• So, all the companies that incorporated in Delaware did so, not because of a more favorable (DE’s still not a right-to-work state) business environment, but so that management can rob their companies blind.

            Gratuitous assertions, much?

          • So you basically agree with me that companies will venue shop according to the rules they have to deal with and that they routinely pit one state against another. Different companies look for different “perks” but they all do it.
            Whether it be fights over use tax, forced unionization, or blue laws, every company wants to maximize their take and minimize their costs. Focusing on one industry, online retail, or one “ee-vile” company, Amazon, is disingenuous because they all do it; from the whiners to the winners.
            Again, the issue here isn’t Amazon at all but the bankrupt state government that is trying to coopt them into doing their dirty work.
            1- California can’t charge import duties on out of state purchases because it is unconstitutional.
            2- California can’t charge sales tax on out of state purchases because the transaction crosses state borders and settled constitutional precedent says companies need a physical presence in the state to be subject to its whims.
            3- Amazon affiliates aren’t agents—like the insurance vendors–because they don’t actually sell Amazon products themselves, all they do is host links that take customers to the Amazon site where they may or not make a purchase. It is an advertising deal, the equivalent to a banner ad. Now, is California going to make everybody collect use tax that advertises in state? I’m betting they won’t, because they can’t. Which automatically makes application of the law arbitrary and… 🙂
            Well, the law is a lawyer’s delight; billable hours for a case of settled law.
            Cha-ching.
            California will see not one red cent added revenue.
            They will see a loss of business income but that is hardly new.

          • I forgot to point out that Delaware’s chancery court has a well-earned reputation for dealing with matters swiftly and efficiently.

    • I left a sales tax state for a non-sales tax state a while ago. Actually, the thing offended the hell out of me was the “work privilege tax” my company had to collect for the state. But still.

      I don’t have a personal dog in this fight. I simply find it offensive when Company A can deal a blow to Company B, either actively or passively, via use of legislation.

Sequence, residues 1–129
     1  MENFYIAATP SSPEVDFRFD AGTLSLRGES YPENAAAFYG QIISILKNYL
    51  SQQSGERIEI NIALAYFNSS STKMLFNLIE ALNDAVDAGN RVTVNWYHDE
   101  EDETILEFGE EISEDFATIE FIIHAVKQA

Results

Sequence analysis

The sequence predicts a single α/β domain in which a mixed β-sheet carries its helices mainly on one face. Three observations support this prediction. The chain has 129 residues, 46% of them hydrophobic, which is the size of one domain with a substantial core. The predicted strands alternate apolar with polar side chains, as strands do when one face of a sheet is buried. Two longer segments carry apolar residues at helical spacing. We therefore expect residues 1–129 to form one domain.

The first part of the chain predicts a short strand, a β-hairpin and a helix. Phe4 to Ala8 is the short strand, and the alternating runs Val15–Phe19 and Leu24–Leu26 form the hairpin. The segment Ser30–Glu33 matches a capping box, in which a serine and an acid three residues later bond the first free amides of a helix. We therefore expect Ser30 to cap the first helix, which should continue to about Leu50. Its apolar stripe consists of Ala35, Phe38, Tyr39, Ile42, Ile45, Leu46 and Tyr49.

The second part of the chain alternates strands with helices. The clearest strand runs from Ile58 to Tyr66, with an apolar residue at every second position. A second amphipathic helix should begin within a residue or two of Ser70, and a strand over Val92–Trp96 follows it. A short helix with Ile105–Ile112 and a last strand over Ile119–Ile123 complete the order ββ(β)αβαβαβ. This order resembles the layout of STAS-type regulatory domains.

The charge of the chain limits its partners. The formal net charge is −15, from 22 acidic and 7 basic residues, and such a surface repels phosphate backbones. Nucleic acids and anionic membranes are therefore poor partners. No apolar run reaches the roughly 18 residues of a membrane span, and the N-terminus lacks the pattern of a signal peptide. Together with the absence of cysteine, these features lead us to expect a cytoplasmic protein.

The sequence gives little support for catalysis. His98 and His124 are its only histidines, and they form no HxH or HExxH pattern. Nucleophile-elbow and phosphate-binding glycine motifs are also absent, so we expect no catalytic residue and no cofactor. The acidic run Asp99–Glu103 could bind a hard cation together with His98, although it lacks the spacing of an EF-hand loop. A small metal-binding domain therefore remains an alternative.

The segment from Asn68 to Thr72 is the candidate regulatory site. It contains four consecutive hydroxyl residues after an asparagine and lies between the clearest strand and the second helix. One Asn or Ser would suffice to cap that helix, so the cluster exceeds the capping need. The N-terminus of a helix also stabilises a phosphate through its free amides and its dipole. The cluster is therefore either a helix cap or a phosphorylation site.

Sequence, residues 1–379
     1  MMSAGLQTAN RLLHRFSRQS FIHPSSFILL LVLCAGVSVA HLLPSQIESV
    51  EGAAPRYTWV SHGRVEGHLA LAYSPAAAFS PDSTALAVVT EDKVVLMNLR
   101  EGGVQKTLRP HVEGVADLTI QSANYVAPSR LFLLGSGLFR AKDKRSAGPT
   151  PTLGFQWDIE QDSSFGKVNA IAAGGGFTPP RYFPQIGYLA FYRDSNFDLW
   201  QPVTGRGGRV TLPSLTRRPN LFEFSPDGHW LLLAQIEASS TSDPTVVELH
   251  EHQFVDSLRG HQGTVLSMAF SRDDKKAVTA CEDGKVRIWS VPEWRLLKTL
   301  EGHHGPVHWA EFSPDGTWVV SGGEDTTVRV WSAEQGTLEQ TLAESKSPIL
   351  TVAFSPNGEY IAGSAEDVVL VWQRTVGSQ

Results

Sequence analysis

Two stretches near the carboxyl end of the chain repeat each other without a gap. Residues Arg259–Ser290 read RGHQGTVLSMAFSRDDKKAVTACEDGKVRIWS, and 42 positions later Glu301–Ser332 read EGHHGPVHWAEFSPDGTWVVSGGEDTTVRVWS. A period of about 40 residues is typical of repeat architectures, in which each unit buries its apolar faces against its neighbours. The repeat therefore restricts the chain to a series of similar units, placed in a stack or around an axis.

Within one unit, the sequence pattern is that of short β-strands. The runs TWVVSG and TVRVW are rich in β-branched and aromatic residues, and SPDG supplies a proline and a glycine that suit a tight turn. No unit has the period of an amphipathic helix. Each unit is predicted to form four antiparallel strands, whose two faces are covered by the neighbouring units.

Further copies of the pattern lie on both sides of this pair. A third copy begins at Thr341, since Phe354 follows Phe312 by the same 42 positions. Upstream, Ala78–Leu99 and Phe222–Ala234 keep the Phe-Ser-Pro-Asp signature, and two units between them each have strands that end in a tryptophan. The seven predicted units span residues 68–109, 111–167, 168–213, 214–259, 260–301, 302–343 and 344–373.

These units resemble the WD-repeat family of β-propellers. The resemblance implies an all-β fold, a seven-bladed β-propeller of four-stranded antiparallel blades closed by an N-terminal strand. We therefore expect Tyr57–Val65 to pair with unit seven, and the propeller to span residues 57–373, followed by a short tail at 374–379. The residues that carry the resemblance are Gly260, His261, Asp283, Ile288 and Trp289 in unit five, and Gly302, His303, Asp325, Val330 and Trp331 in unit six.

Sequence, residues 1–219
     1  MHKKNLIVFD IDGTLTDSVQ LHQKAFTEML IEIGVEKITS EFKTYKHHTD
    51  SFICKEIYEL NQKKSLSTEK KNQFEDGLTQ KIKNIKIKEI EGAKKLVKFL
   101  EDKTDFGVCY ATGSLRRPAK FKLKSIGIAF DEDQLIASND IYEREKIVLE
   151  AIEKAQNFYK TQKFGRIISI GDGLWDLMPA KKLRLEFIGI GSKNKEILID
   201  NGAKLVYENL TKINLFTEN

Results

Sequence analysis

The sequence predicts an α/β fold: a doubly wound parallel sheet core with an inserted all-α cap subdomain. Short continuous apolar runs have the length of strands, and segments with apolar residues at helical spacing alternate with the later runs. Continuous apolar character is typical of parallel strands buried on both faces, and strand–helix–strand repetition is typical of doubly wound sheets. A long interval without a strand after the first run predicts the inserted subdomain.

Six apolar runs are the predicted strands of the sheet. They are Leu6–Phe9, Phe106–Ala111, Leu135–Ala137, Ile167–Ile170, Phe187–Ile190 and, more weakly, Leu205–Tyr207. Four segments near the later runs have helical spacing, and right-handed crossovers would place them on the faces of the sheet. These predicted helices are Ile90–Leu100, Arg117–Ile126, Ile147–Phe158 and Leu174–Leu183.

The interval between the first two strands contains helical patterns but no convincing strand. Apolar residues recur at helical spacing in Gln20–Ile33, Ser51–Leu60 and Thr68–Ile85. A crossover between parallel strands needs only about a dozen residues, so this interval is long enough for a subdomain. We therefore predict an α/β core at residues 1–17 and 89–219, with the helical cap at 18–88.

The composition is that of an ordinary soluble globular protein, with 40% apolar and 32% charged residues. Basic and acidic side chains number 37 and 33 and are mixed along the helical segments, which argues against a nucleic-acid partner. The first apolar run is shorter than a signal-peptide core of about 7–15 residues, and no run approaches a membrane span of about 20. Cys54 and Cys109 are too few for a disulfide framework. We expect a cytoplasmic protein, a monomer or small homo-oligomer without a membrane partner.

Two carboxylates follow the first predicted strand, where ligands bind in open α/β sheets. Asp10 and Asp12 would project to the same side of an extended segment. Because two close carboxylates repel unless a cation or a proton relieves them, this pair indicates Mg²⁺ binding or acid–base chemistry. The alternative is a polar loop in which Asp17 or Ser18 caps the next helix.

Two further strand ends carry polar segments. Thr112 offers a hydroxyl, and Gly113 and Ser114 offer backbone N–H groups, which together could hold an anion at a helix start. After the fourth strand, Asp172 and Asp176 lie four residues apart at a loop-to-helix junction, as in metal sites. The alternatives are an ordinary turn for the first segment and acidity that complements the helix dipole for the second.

That, and it offends basic logic that folks don’t think that a state increasing the cost of doing business there won’t cause businesses to move elsewhere. Or that such legislation ever affects the target instead of all the unintended targets it actually hits.

      • It’s almost as if it were pulled from Atlas Shrugged, isn’t it?

        In a number of states the “Amazon Tax” was passed due to the pressure brought by brick-and-mortar retailers (B&N, Wal-mart, etc). They couldn’t compete directly so they got a law passed that hobbled their competition. Tell me that’s not something Ayn Rand would write.

        Note that I’m not espousing the ideology here, just pointing out the similarity in the details.

        • Life imitating art imitating life. The truly scary thing is, it’s not like Rand made that stuff up. It’s nothing new.

  4. As a practical matter, the law that requires California residents to voluntarily pay sales taxes on things they buy on-line is simply unenforceable. It’s as if It’s an archaic law from the days when mail-order was such a tiny portion of retail sales that it had no real effect on state revenues.

    Now that buying from out of state retailers is commonplace, the rules need to be updated. Clearly, state residents are flaunting the unenforcability of state law. They avoid paying sales taxes – and companies like Amazon enable this behavior. Thus Amazon can’t escape blame, here. Somehow the playing field needs to be balanced again. You can cry all you want about legal angles, but until something is done there will be less and less revenue for roads, schools, police and fire protection, etc. if we’re not willing to pay for these services through some kind of tax, we’ll get what we pay for – NOTHING!

    • Let’s see… this is from the same Jim who was kvetching about how Amazon left them in the lurch due to his state’s legislature’s actions.

      See, this is why I have zero tolerance for Californians. They are so mind-numbingly prone to wanting their cake and eating it too.

    • Uh, Jim….?
      If you’re unwilling to pay for something you can afford, getting nothing is in fact the proper outcome.
      Getting something for nothing is one of the very few things that really does violate the laws of nature. 😉
      Who was it that said, “The problem with socialism is that sooner or later you run out of other people’s money?”
      All the talk about “balancing” the B&M vs online competition is baloney because online in general, and amazon in particular, is simply cheaper even with use tax and shipping factored in.
      This “issue” is just a smokescreen to hide a bankrupt social contract.